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α-Crystallin, the major protein component of vertebrate lenses, forms a large complex comprised of two homologous subunits, αA- and αB-crystallin. It has the ability to suppress stress-induced protein aggregation in vitro, bind saturably to lens plasma membranes, and aid in light refraction through short-range ordering. Recently, a missense mutation in αA-crystallin that changes arginine 116 to a cysteine residue (R116C) was genetically linked to one form of autosomal dominant congenital cataracts. This point mutation is reported to cause structural alterations at many levels as well as a 4-fold reduction in chaperone-like activity. To extend these findings, we examined the quaternary stability of the αA R116C mutant protein and its effect on chaperone-like activity, subunit exchange, and membrane association. Homocomplexes of mutant subunits become highly polydisperse following incubation at 37 °C, reflecting the likely in vivo distribution of the complexes. Chaperone-like activity of the αA R116C mutant is approximately 4-fold lower than wild type, whether measured before or after conversion to a polydisperse population with incubation. αA R116C complexes also have a 4-fold reduced ability to exchange subunits with wild-type complexes. Finally, membrane binding capacity measurements of mutant subunits showed a 10-fold increase over wild type. Our results, in conjunction with previous reports, suggest that the changes in complex polydispersity, the reduction of subunit exchange, and increased membrane binding capacity are all potential factors in the pathogenesis of αA R116C associated congenital cataracts.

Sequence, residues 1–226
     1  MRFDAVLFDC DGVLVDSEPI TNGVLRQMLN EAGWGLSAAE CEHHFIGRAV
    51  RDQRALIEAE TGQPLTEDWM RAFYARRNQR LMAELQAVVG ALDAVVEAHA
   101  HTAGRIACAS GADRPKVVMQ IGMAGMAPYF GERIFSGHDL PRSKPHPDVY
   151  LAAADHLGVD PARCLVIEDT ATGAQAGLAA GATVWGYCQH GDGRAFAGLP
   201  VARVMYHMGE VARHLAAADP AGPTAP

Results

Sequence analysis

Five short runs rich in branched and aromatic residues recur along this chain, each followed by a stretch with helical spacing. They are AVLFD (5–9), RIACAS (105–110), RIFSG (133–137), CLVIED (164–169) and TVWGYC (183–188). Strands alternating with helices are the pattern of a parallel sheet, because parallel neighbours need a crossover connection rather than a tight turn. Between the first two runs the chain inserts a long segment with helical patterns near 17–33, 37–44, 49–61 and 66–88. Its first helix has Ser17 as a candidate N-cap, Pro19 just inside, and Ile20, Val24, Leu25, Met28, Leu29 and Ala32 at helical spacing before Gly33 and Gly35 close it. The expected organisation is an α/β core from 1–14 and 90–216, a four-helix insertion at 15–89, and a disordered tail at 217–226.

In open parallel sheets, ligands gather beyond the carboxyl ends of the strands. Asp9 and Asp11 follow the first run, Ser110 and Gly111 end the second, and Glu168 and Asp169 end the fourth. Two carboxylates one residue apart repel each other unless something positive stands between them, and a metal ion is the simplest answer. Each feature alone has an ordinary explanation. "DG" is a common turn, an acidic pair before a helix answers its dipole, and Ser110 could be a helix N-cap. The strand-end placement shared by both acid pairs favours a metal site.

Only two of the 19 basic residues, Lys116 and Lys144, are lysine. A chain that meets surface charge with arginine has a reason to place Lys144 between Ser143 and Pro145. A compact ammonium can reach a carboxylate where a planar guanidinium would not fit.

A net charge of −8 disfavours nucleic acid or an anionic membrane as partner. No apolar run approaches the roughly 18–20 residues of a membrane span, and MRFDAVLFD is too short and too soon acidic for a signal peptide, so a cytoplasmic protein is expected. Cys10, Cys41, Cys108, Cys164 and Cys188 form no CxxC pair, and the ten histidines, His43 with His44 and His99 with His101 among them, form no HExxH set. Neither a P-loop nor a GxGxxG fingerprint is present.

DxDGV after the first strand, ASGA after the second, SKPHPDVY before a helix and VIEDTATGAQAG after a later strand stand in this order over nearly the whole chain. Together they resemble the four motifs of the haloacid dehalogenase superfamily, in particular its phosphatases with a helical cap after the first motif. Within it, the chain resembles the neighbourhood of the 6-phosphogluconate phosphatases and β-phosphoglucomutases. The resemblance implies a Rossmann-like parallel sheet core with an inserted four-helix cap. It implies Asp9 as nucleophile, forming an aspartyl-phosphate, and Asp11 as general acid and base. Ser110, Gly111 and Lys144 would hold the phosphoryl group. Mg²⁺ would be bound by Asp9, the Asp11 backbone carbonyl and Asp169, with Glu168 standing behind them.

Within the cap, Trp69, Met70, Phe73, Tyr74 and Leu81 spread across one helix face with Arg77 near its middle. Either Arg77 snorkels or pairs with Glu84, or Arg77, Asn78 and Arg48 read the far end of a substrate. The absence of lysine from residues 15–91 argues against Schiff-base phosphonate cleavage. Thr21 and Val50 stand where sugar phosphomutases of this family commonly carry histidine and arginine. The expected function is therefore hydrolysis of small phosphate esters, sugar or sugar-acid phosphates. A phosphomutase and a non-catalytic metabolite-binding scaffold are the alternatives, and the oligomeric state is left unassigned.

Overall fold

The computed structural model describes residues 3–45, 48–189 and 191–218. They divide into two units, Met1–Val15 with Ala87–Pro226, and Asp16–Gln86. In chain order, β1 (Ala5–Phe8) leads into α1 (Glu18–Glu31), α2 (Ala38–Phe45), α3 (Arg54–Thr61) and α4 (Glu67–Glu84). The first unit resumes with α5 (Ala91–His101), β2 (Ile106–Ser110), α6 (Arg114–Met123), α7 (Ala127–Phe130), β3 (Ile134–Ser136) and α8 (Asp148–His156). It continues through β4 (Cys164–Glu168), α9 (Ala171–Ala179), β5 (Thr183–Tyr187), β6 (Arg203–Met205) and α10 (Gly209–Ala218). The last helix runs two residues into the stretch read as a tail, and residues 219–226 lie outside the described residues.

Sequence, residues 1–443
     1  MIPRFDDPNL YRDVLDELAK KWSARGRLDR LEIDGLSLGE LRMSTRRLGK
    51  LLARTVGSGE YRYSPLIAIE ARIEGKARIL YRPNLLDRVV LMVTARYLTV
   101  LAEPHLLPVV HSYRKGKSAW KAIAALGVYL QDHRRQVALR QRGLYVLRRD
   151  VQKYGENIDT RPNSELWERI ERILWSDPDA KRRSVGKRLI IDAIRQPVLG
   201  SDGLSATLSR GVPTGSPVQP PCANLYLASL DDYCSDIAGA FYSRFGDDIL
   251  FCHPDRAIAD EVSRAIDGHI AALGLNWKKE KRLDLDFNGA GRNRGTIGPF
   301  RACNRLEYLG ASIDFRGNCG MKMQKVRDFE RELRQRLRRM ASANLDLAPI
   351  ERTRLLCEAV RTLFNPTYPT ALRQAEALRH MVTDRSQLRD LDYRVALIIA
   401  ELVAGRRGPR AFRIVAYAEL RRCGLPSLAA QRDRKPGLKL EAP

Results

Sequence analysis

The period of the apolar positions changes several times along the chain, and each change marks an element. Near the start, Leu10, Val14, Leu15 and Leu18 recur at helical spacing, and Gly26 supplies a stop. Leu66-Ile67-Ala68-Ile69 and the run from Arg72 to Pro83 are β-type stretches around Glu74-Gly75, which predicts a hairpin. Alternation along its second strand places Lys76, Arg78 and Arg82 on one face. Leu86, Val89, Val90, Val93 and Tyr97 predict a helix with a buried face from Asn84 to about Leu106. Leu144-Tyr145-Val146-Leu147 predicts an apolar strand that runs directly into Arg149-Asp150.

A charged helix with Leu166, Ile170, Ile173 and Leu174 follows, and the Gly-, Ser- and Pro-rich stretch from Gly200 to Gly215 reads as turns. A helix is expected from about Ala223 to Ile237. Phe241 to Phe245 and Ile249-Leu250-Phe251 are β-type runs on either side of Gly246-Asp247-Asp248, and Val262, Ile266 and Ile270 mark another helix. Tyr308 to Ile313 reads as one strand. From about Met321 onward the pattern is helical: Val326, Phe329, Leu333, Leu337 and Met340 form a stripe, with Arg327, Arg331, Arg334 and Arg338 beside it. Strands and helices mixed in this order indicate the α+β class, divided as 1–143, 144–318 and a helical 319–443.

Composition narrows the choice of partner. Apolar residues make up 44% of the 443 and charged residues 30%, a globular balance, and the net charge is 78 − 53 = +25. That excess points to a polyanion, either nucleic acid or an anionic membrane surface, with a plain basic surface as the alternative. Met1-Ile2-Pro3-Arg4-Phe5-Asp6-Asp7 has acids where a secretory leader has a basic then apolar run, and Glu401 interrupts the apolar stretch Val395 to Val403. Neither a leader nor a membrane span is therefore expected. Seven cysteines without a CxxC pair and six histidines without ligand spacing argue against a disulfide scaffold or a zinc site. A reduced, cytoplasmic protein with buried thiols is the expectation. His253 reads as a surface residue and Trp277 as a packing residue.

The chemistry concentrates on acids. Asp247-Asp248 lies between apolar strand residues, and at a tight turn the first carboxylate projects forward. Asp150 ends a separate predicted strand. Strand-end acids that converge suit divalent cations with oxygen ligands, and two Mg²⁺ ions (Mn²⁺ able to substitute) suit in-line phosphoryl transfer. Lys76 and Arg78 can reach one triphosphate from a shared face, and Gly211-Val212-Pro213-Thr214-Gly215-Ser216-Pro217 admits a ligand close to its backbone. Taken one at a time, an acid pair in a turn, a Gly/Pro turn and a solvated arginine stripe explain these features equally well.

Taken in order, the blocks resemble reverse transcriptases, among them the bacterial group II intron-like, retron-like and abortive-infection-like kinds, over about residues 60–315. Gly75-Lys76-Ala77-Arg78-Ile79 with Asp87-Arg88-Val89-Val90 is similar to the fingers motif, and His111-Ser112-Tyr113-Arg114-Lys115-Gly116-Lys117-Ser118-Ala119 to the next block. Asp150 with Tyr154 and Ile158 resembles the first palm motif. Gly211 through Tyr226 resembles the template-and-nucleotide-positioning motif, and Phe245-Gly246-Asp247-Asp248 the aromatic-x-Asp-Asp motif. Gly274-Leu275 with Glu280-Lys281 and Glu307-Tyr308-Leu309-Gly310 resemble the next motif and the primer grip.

α-Crystallin, a large dynamic protein complex comprised of 30–40 copies of the A and B subunits in roughly a 3 αA to 1 αB molar ratio, can represent up to 50% of the total soluble protein invertebrate lenses (1, 2). Wild-type human αA- (WTαA)1 and αB-crystallin (WTαB) polypeptides have molecular masses of about 20 kDa and can form homocomplexes that average 550 kDa (3). Each subunit shows significant sequence homology to the small heat shock protein family and has the ability to suppress stress-induced protein aggregation in vitro, reflecting a potential in vivo role in maintenance of lens transparency (4). Both protein subunits are known to readily exchange between soluble α-crystallin complexes in a time (>8 h) and temperature (>25 °C) dependent manner (5, 6). α-Crystallin is also believed to give lenses their refractive and transparency properties through short-range ordering, which could result from repulsion between the native protein complexes (7–10). Finally, α-crystallin is known to bind subcellular elements such as intermediate filaments and plasma membranes, but the role these interactions may play in lens physiology is largely unknown (3, 5, 11, 12).
Published results using knock-out mice suggest significant differences between αA- and αB-crystallin. Disruption of the αB gene does not result in altered lens morphology or transparency; however, disruption of the αA gene causes early onset cataract associated with accumulation of inclusion bodies containing large amounts of αB (13, 14). Interestingly, the complete absence of αA in these mice does not cause congenital cataracts.